"Gratefulness Towards Him"
The Torah records that the Almighty said about the Israelites: "Who will ensure that the heart that you have now will continue to fear Me and to observe all of My commandments all the days, in order to do good for you and your children forever." (Deut. 5:26)
The Talmud (Avodah Zarah 5a) states that Moshe said to the Israelites, "You are ungrateful (because they didn't ask the Almighty to ensure that their hearts continue to fear Him) and the descendants of someone who is ungrateful (Adam complained that the woman the Almighty gave to him caused him to eat from the fruit of the Tree of Knowledge).
Tosfos explains that they didn't want to ask the Almighty to give them this elevated heart because they didn't want to feel grateful towards Him. This teaches us two concepts about gratitude:
(1) Whenever you complain about what the Almighty has given you - it shows a lack of gratitude.
(2) People will try to avoid feeling grateful. They don't want to be beholden -they think it lowers their self-esteem.
In relationships - particularly with our spouse - we must show gratitude. It not only is an elevated character trait, but it builds a closeness when one recognizes the good one has received.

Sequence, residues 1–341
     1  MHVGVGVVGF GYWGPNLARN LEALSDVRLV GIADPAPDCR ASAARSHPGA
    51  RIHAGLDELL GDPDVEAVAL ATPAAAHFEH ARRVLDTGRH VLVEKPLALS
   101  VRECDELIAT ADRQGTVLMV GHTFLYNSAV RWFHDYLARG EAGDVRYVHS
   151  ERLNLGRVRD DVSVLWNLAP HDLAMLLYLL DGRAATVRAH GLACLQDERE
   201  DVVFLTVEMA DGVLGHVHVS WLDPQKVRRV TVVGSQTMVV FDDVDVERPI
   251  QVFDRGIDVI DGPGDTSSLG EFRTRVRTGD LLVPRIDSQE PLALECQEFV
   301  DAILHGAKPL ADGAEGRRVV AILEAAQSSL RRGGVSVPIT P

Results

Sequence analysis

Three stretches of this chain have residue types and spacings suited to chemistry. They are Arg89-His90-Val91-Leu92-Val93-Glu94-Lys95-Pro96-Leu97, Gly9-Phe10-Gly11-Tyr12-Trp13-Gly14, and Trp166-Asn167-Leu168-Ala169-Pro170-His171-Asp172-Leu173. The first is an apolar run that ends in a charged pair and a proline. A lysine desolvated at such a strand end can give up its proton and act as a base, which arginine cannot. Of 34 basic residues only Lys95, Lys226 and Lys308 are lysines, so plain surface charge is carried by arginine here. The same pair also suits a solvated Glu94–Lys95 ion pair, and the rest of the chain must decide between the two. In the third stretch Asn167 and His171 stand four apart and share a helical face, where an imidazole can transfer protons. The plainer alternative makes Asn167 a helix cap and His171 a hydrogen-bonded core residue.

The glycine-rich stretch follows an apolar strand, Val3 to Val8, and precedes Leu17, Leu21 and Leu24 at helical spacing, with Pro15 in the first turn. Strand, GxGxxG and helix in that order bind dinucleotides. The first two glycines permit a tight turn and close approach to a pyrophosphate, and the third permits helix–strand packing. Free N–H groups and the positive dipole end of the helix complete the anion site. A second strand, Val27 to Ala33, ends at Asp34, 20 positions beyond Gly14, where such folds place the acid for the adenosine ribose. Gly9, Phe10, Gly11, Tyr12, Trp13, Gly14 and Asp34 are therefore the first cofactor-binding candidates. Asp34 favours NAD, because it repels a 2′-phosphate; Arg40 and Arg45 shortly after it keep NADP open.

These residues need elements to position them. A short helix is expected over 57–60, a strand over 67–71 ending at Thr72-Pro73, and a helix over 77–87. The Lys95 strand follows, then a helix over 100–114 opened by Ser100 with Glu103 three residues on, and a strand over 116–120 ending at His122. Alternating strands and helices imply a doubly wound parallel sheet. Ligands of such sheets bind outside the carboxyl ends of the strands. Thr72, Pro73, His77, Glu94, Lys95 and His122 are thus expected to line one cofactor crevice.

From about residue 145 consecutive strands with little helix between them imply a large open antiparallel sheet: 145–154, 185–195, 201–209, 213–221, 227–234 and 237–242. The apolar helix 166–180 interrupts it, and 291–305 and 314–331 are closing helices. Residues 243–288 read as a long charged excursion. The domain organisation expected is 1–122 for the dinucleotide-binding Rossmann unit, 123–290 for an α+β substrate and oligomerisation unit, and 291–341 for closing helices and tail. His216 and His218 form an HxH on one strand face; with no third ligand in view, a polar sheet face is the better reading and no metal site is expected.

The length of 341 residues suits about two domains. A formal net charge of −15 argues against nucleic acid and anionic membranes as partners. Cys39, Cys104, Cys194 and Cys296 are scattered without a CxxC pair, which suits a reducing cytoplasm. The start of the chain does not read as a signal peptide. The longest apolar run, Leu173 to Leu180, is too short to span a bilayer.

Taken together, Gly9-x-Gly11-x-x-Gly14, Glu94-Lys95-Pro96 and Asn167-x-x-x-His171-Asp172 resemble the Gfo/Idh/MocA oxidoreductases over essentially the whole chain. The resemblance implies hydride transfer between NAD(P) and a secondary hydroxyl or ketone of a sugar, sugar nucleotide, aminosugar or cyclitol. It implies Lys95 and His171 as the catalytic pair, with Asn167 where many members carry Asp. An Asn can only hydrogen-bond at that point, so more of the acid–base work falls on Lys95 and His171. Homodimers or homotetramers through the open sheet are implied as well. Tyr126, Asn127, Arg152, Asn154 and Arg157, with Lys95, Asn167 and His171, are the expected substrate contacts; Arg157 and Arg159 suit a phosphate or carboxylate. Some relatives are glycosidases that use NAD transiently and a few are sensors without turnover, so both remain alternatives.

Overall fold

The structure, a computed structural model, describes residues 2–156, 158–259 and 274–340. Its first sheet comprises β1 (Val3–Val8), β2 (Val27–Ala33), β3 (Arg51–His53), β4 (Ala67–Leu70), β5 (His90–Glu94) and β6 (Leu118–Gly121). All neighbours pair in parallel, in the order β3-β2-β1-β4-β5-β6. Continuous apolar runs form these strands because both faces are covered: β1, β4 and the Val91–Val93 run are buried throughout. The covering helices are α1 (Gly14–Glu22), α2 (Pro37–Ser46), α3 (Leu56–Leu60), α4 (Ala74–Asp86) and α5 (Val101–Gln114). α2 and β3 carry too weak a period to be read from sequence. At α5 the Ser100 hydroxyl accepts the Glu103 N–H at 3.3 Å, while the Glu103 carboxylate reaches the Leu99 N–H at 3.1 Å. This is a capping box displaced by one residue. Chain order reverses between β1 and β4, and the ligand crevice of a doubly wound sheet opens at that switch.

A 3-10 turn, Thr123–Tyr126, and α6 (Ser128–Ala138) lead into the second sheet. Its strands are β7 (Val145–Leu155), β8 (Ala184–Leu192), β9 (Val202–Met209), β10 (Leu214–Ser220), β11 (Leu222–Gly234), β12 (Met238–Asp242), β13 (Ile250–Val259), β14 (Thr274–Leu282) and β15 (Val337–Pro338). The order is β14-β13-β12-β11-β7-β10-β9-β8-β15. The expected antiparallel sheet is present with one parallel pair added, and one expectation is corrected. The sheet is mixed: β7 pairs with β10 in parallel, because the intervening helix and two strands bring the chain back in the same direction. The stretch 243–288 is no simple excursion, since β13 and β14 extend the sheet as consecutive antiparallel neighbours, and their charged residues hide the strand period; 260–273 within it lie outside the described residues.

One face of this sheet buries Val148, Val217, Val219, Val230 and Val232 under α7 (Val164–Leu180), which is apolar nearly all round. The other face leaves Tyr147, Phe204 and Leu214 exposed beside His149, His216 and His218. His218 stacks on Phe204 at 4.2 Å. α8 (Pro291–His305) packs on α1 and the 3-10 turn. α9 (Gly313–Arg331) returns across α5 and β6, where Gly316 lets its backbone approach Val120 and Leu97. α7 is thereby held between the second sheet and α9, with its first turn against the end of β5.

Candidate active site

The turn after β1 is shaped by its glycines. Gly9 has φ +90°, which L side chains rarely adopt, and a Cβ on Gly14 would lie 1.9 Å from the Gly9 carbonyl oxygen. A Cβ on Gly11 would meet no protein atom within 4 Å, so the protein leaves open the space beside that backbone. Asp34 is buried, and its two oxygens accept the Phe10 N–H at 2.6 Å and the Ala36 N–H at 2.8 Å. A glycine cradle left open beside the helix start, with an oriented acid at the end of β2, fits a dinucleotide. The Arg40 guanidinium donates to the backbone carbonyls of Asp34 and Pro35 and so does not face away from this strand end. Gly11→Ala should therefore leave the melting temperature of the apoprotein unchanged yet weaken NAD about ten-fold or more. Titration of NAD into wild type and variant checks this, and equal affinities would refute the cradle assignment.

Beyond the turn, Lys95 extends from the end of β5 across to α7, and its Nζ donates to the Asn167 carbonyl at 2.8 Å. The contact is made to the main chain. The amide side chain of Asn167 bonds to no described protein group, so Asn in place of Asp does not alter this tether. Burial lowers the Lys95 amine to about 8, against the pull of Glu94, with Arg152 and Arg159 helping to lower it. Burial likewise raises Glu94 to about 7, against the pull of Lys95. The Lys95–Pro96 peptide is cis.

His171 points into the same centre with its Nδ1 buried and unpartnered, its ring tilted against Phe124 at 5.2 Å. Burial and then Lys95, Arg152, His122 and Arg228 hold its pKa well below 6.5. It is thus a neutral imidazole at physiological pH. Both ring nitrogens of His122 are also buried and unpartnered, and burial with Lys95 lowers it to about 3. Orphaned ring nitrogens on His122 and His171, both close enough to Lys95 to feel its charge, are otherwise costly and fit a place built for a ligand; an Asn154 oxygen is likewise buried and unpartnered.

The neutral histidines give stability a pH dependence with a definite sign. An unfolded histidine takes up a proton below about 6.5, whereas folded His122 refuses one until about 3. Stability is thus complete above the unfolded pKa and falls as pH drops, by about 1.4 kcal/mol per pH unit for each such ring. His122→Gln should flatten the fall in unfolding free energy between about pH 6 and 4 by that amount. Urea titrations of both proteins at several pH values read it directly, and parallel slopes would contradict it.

"Beyond Good and Love"
The Torah states, "And you shall do that which is right and good in the sight of the Lord" (Deuteronomy 6:18). What does this verse come to teach us?
The Ramban, Nachmanides, cites the words of our Sages who explain that this verse exhorts us to go beyond the dictates of the law in our dealings with our fellow man. The Ramban adds that this is a very great principle, since it is impossible for the Torah to actually list every last detail as to how a person should behave with his neighbors and friends. An example: The owner of a plot of land should offer it first for sale to adjacent land owners before offering it for sale to the general public.

"Shema Yisrael"
In this week's Parsha we find the "Sh'ema" - "Hear O' Israel the L-rd is Our G-d the L-rd is one. And you shall love the L-rd your G-d with all your heart and with all your soul and with all your might ("B'chol M'odecha")." The Sh'ema prayer is recited three times daily as we affirm our belief in G-d and our love for Him.
The words "B'chol M'odecha" - ("with all your might") can also be translated, "with every measure." Meaning, that even if G-d acts with us in a measure that may not seem good, we must love Him just the same.

"Comfort of Rabbis"
How rabbis were able to find comfort even at the time and in the events of the destruction of Jerusalem.